Jan 3, 2024

Low prescription rate of drugs like methadone after opioid overdoses show improved care needed, say U of T researchers

Research, Alumni, Faculty & Staff
Tetra Images/Getty Images
Credit Tetra Images/Getty Images
By Gabrielle Giroday

Only one in 18 people who go to the emergency department or end up in hospital after an opioid overdose in Ontario are prescribed drugs like methadone or suboxone to help manage their substance use disorder, U of T researchers have found.

The study – published recently in the Canadian Medical Association Journal – looked at more than 47,000 emergency room visits or hospital admissions from January 2013 to March 2020.

The data from ICES examined the health care experiences of approximately 14,000 patients who sought treatment from hospital for opioid toxicity.

After analyzing the data, researchers concluded that “despite slight increases over time, [opioid agonist therapy] initiation rates after an emergency department visit or hospital admission for opioid toxicity in Ontario were low, with only one in 18 events leading to filling an [opioid agonist therapy] prescription within a week of discharge.”

Opioid agonist therapy (OAT) is the clinical practice of prescribing drugs like methadone or suboxone to help people with an opioid use disorder minimize their cravings and lower their physical withdrawal symptoms.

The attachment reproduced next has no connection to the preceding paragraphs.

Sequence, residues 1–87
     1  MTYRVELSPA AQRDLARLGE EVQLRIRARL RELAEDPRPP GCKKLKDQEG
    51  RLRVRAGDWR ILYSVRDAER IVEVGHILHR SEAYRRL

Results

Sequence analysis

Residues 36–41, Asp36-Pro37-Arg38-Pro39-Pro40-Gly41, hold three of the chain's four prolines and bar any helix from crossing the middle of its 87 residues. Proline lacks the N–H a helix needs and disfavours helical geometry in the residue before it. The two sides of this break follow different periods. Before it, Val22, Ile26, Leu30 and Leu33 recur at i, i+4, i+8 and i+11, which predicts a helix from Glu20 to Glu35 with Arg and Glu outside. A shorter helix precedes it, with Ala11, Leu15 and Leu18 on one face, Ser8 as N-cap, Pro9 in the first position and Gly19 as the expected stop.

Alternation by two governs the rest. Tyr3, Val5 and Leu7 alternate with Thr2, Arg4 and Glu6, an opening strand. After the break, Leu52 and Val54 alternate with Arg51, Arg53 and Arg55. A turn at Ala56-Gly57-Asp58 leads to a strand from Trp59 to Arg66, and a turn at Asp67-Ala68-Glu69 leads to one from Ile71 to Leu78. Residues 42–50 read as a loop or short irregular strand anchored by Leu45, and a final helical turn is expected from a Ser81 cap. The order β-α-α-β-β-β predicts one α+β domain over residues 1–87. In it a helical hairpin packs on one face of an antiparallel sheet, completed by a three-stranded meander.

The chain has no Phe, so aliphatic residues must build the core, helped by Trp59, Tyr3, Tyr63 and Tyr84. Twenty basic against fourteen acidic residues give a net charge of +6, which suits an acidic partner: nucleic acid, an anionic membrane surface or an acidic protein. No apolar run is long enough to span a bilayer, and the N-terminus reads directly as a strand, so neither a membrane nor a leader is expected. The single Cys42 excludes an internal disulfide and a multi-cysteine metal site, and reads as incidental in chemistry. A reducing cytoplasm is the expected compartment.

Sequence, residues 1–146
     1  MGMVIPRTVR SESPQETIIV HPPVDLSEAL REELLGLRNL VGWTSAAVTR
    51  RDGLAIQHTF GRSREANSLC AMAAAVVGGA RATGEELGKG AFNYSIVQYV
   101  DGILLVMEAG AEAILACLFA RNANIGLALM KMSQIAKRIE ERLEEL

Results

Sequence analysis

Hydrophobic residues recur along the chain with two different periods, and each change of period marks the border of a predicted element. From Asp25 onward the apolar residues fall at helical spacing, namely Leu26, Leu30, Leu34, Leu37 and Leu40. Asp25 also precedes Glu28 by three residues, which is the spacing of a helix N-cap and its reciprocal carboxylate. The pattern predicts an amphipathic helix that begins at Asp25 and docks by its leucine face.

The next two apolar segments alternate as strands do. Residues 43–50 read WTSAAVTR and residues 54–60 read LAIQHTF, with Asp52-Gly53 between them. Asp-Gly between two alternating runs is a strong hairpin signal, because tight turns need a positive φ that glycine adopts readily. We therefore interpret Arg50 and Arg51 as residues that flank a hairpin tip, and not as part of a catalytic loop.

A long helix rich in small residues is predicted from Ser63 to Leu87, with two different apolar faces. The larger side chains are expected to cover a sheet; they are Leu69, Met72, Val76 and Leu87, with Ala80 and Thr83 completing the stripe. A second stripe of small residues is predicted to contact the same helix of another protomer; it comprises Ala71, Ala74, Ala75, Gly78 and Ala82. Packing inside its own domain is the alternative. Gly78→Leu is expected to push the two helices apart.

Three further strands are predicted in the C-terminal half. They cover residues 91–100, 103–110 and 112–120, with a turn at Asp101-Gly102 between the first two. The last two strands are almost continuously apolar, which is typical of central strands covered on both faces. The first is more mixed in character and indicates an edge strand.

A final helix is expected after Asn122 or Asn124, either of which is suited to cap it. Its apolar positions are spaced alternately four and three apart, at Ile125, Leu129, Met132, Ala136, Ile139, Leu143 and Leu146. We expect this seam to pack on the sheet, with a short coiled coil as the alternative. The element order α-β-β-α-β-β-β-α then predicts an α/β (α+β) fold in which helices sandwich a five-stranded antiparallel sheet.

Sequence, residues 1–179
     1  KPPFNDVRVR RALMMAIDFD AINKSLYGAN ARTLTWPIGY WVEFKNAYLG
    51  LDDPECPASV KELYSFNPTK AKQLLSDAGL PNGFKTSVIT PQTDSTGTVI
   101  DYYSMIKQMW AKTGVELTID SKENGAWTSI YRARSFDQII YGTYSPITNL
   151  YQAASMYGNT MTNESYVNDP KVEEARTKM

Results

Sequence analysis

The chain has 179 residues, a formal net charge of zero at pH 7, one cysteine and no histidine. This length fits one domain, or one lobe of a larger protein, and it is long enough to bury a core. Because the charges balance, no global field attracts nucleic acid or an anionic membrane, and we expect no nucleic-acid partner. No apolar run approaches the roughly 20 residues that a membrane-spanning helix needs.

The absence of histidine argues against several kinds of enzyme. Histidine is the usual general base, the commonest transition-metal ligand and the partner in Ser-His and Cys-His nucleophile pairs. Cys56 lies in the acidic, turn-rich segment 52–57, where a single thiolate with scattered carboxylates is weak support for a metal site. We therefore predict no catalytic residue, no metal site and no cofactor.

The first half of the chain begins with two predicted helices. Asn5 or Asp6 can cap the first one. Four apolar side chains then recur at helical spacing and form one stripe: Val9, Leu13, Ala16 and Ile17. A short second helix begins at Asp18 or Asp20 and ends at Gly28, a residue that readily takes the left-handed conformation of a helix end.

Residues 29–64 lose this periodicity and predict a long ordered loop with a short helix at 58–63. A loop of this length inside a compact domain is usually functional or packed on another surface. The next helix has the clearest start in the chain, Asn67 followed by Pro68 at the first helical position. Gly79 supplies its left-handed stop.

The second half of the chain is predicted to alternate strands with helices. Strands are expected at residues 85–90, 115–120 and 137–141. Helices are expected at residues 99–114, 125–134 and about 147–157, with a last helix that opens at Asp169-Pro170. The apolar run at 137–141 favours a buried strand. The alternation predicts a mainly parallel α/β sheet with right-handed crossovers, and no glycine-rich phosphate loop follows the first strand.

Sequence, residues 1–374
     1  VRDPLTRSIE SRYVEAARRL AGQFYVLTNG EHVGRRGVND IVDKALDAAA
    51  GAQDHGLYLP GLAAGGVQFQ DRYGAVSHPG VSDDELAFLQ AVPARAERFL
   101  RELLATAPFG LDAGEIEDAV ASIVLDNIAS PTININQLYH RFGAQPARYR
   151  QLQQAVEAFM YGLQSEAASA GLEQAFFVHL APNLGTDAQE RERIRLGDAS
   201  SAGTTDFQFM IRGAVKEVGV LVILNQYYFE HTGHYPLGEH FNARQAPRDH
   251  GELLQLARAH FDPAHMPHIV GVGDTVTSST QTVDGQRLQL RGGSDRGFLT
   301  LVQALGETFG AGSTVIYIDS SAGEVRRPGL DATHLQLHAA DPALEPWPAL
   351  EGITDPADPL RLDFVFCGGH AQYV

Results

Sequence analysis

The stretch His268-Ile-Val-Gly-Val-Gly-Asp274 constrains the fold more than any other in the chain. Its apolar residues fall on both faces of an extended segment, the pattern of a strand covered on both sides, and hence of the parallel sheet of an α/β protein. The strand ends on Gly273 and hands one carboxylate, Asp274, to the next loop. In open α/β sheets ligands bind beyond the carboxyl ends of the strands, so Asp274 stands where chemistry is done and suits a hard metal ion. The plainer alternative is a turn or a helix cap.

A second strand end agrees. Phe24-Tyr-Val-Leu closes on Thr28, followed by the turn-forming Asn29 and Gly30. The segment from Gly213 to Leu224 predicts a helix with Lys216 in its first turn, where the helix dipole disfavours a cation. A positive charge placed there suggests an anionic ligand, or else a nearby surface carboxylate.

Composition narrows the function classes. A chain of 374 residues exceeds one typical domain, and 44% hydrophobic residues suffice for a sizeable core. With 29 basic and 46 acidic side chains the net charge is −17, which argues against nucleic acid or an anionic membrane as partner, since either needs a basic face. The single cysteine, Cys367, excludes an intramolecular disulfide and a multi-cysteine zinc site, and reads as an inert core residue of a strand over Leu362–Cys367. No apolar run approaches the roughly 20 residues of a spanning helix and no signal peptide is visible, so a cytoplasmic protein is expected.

Researchers say the low prescription rate of drugs like methadone or suboxone to help people manage their opioid use disorder is a missed opportunity for harm reduction.

“We now know that only about four per cent of hospital encounters for opioid overdose led to OAT initiation. These low rates show that we need to improve care and access to treatment,” says Tina Hu, an assistant professor with the Temerty Faculty of Medicine’s department of family and community medicine, who was involved in the study.

Researchers also found that although the initiation rate of OAT increased over time in the study population, reaching more than five per cent of all patients seen in hospital by 2020, the process of starting OAT remained low overall.

“Our research shows that there were substantial disparities in OAT initiation rates, with potential barriers to prescribing for older patients, those with mental health diagnoses and those in the lowest neighbourhood income quintile,” said the study.

The missed opportunity to start OAT was especially striking given that the study noted that in about 22 per cent of cases, people who were part of the study population had an outpatient visit within seven days of their hospital visit.
“These results highlight critical missed opportunities to prevent future mortality and morbidity related to opioid use, despite connection to health care for many patients in the days after a toxicity event,” says the study.

The study also noted that a 2018 call by the Canadian Research Initiative in Substance Misuse to use “buprenorphine/naloxone as the preferred first-line treatment for [opioid use disorder] when possible” did not appear to lead to an increase in initiation rates.

“The release of a national guideline advocating for buprenorphine–naloxone as first-line therapy did not appear to substantially influence OAT initiation rates, suggesting that additional efforts are needed to improve initiation of OAT in acute care settings,” said the study.

Grants from the Canadian Institutes for Health Research supported this research.